Printer Toner Cartridges
Is there any future for remanufactured printer toner cartridges?
The 21 st century is a confusing place at the best of times, but spending more on a replacement toner cartridge than you originally spent on the printer (cartridge included) defies all logic. Of course this is no accident, but the outcome of a very shrewd marketing philosophy dreamt up by the Original Equipment Manufacturers to protect their interests. By virtually giving printers away; manufactures realized that they could make hefty profits on cartridge supply; as long as they could maintain a monopoly.
However, the OEM's lucrative honeymoon period was cut short with the arrival of remanufacturing companies who could 'revive' printer toner cartridges for a fraction of the replacement cost. Everyone, from office managers to environmentalists, breathed a deep sigh of relief.
Keen to win-back lost business the OEMs launched a barrage of lawsuits. However, when the results weren't as expected (thanks to the intricacies of copyright and competition law) the OEMs began to fight dirty. Strategies designed to put an end to independent toner cartridge remanufacturing include the following:
'Self destructing' cartridges: There was a time when such concepts could only be found in the minds of science fiction writers and spy novelists. However, a number of cartridges now have electronic parts (typically the printer head) that are effectively 'melted' by a discharge of energy from a capacitor after the ink has run dry.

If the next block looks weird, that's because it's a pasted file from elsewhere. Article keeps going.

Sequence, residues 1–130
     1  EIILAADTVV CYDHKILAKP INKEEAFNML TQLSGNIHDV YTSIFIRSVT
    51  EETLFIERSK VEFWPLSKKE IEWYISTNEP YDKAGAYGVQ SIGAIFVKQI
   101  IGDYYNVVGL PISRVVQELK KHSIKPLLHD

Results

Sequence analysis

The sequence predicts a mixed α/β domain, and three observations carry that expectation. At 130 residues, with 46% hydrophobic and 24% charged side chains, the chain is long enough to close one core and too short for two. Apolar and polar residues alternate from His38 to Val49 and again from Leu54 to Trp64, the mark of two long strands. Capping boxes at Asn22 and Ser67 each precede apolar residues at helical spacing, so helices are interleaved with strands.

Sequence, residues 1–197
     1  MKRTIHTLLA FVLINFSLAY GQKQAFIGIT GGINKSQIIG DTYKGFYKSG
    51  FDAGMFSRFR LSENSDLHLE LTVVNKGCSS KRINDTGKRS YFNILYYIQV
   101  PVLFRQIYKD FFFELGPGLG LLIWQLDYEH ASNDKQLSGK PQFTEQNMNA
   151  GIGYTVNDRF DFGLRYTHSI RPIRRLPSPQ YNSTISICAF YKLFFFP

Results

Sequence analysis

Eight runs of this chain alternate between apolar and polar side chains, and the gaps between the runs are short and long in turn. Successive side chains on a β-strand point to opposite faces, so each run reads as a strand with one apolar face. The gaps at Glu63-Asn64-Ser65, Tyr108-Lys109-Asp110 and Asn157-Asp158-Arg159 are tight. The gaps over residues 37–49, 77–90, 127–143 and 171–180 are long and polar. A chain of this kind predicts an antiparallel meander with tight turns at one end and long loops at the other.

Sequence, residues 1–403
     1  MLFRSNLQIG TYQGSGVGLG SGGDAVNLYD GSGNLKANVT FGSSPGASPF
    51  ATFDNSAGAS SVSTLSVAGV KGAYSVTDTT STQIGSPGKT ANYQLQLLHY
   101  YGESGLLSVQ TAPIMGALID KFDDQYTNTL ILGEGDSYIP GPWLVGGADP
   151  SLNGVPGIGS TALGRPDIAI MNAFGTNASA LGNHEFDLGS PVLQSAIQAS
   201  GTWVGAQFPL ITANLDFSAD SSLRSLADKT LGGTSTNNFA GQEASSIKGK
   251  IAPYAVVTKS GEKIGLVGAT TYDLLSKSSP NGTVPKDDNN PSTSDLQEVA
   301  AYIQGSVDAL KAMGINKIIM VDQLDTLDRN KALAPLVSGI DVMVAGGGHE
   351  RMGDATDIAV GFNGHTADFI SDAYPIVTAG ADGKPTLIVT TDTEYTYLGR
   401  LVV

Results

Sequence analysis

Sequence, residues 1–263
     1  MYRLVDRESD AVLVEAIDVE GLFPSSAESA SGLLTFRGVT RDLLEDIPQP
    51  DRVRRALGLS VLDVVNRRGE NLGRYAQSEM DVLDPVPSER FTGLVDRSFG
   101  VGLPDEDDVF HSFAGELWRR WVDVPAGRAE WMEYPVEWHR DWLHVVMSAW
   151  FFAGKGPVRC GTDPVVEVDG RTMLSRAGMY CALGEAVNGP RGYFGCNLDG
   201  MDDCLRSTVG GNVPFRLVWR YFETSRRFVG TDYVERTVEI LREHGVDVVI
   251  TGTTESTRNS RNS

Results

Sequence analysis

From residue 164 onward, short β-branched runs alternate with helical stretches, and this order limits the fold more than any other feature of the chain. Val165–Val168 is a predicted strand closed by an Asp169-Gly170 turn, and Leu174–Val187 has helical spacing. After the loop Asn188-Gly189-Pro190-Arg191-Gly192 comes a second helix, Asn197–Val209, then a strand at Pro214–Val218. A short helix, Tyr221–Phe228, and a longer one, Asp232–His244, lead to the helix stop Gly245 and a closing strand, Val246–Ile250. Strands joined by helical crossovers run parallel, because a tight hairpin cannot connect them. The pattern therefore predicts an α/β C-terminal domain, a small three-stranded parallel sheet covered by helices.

Secure assembly: Arguably the simplest way to prevent cartridge remanufacturing is to design a product that's virtually impossible to disassemble. On a practical level this means moulding a 'one-piece' casing or using complicated criss-cross welding to seal the unit together.
Smart chips: Sophisticated chips enable the toner cartridge to effectively talk to the printer; relaying all sorts of useful information (such as remaining ink levels) to the user. By assigning them a dual security function it's possible to disable a printer if a reconditioned cartridge is loaded. Users are left scratching their heads, staring at an ' Invalid Refill' message.
Admittedly it's all too easy to see the OEMs as the villains of the piece, and some would say that they are doing precious little to sway public opinion. However, a number of more socially aware manufacturers have responded to consumer demands by developing their own remanufacturing programs. The savings may be more modest than with an independent company, but it look as if remanufactured toner cartridges will be around for some time to come.